Heather Ford is a DPhil alumna who studies how Wikipedians write history as it happens. Her research covers online collaboration, conflict, historiography, alternative media, the Arab Spring and intellectual property rights.

Heather Ford has worked as a researcher, activist, journalist, educator and strategist in the fields of online collaboration, intellectual property reform, information privacy and open source software in South Africa, the United Kingdom and the United States. She is currently a DPhil student at the Oxford Internet Institute at Oxford University where she is studying how Wikipedia editors write history as it happens in a format that is unprecedented in the history of encyclopedias. Before this, she worked as an ethnographer for Ushahidi, the Kenyan-based non-profit technology company that develops free and open source software for information collectionvisualization and interactive mapping where she studied how Wikipedia and Ushahidi communities work together to verify information collected from social media sources. In 2011, she graduated from the UC Berkeley iSchool Master of Information Management and Systems (MIMS) program. She is a former Wikimedia Foundation Advisory Board member and the former Executive Director of iCommons – an international organisation started by Creative Commons to connect the open education, access to knowledge, free software, open access publishing and free culture communities around the world. She was a co-founder of Creative Commons South Africa and of the South African non-profit, The African Commons Project and worked as an activist and program manager in Johannesburg and London for the Association for Progressive Communications in the time leading up to the World Summit on the Information Society (WSIS). At night she dreams about writing books and finding time to draw.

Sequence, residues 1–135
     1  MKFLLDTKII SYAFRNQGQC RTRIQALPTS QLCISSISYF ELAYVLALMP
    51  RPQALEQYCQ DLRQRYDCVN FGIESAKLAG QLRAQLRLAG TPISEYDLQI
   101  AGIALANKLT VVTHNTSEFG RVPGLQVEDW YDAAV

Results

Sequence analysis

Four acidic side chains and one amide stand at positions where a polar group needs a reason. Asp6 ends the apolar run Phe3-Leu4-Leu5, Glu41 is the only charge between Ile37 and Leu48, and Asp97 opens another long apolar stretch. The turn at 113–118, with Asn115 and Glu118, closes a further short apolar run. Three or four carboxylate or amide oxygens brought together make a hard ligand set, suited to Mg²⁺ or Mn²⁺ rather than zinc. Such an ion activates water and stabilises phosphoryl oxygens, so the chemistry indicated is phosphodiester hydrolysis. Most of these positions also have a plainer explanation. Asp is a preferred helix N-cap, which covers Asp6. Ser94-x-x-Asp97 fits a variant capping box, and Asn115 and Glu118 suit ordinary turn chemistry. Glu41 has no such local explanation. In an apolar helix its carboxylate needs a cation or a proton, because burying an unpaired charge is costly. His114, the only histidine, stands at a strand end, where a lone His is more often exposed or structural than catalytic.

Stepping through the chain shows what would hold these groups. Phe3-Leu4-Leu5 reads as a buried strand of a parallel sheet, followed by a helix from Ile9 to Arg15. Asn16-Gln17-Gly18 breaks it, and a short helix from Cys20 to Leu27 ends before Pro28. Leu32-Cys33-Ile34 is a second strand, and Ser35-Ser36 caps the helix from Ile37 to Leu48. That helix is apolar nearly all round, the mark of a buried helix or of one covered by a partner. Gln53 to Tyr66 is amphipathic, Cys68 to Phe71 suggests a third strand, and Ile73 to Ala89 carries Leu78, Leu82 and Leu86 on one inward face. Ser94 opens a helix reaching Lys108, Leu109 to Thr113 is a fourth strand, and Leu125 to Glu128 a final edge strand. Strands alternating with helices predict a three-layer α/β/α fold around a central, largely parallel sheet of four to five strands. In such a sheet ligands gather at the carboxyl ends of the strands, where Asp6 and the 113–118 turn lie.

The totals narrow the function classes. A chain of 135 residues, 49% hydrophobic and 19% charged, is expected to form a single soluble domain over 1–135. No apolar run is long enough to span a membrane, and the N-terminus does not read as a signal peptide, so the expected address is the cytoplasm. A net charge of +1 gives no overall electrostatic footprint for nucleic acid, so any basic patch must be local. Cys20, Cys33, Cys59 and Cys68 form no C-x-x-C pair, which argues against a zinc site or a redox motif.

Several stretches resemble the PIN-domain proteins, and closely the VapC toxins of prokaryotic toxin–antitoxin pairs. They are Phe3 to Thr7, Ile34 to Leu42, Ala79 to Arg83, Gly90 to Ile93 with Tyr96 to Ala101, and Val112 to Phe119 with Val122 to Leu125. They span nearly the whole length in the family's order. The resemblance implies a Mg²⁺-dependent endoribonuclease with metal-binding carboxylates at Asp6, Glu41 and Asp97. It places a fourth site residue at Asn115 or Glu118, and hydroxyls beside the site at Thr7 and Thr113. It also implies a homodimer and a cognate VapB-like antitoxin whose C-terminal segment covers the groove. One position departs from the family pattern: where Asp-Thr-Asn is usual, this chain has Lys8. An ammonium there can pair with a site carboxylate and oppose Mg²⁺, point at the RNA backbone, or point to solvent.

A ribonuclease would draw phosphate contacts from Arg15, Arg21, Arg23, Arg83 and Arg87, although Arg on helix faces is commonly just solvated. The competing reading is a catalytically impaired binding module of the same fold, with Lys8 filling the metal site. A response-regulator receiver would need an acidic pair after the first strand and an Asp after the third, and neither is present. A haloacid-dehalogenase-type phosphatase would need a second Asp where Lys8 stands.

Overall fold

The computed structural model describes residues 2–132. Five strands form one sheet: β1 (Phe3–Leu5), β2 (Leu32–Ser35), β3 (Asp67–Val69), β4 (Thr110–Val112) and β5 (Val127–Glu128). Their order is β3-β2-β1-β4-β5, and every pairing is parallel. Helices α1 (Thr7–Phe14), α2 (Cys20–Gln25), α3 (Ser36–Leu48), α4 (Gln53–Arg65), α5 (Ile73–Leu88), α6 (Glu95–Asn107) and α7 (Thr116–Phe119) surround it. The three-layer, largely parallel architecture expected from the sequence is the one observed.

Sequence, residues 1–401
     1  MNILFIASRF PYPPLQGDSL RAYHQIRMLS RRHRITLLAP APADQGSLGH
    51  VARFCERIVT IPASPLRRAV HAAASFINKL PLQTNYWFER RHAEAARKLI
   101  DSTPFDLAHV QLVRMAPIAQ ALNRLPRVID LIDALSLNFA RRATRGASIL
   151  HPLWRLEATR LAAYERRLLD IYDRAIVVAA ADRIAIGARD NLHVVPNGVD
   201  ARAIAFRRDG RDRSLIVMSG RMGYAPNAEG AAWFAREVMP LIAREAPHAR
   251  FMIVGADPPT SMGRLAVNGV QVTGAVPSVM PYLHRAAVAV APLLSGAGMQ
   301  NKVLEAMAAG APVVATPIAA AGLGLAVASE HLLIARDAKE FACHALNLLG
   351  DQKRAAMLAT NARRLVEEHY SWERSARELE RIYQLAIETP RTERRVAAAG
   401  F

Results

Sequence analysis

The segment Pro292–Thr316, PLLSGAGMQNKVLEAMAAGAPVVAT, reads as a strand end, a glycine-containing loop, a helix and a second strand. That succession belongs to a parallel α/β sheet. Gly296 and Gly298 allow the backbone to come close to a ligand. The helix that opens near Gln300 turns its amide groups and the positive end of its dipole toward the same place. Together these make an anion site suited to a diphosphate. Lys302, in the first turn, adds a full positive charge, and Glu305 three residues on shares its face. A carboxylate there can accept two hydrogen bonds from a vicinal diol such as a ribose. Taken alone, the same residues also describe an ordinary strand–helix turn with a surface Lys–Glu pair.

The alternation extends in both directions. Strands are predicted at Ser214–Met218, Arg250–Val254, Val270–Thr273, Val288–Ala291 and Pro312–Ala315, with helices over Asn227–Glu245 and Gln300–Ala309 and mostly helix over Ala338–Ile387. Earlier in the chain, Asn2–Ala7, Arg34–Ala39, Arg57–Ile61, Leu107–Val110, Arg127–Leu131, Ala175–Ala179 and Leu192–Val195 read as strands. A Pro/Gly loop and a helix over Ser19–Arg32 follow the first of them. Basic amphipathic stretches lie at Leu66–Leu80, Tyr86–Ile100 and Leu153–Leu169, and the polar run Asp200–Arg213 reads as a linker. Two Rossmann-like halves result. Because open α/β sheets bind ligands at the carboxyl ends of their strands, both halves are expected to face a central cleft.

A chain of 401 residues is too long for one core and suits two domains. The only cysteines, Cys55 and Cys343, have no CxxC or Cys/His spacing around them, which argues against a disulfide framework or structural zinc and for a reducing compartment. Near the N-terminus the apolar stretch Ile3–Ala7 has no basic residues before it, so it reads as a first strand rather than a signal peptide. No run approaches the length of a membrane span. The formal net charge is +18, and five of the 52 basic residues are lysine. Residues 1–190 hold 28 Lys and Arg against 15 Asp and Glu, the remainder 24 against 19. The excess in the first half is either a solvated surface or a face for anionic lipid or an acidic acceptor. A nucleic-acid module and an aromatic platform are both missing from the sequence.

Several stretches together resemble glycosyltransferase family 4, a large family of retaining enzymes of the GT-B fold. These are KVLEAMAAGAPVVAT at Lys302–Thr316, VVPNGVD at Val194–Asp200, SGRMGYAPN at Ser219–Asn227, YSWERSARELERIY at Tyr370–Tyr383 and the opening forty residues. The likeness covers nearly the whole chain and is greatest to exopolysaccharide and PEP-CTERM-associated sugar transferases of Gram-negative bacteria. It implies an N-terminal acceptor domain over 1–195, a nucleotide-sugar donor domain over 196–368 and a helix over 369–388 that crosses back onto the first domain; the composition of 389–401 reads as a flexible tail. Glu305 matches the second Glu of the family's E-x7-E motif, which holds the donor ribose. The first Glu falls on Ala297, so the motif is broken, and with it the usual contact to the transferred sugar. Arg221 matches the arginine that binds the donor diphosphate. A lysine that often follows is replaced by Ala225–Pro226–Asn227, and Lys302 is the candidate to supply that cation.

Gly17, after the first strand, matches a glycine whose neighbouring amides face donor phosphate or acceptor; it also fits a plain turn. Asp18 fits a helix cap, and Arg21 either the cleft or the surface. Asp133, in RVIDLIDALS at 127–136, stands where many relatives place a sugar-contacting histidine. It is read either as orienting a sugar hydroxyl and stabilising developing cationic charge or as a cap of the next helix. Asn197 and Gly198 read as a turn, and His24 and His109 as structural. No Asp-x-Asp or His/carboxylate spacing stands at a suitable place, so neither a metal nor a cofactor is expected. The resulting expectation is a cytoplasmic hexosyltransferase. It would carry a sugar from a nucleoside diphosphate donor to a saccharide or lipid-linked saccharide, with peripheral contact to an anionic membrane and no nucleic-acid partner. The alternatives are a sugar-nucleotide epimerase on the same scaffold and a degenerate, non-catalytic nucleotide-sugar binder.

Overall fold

Research interests

online collaboration, Middle East media, conflict in online communities, ethnography, media objectivity and bias, open access, online identity, reputation, privacy, epistemology

Positions held at the OII

  • DPhil Alumna, November 2015 –
  • DPhil Student, October 2012 – October 2015

Supervisors at the OII

Current projects

  • OxDEG: The Oxford Digital Ethnography Group

    Participants: Professor Eric T. Meyer, Dr Heather Ford, John McManus, Shireen Walton, Dr William Kelly

    OxDEG, the Oxford Digital Ethnography Group, comprises students and faculty members from Oxford University who discuss and share ideas about the evolution of ethnography in a heavily mediated world.

  • Wikipedia’s Networks and Geographies: Representation and Power in Peer-Produced Content

    Participants: Dr Han-Teng Liao, Dr Bernie Hogan, Professor Mark Graham, Dr Scott A. Hale, Dr Heather Ford

    This project brings together OII research fellows and doctoral students to shed light on the incorporation of new users and information into the Wikipedia community.

Past projects

  • Wikimania interview

    10 August 2014 BBC World Service


    Heather Ford, OII DPhil student and researcher into how Wikipedia writes about breaking news, is interviewed in advance of her talk at the Wikimedia conference. (18:45 - 22:50 on the clock, available until 17 August)

  • Free for all? Lifting the lid on a Wikipedia crisis

    17 April 2013 New Scientist


    In an in-depth analysis of the challenges facing Wikipedia in expanding participation beyond the English speaking world, Mark Graham’s research on Wikipedia is referenced and DPhil student Heather Ford is quoted.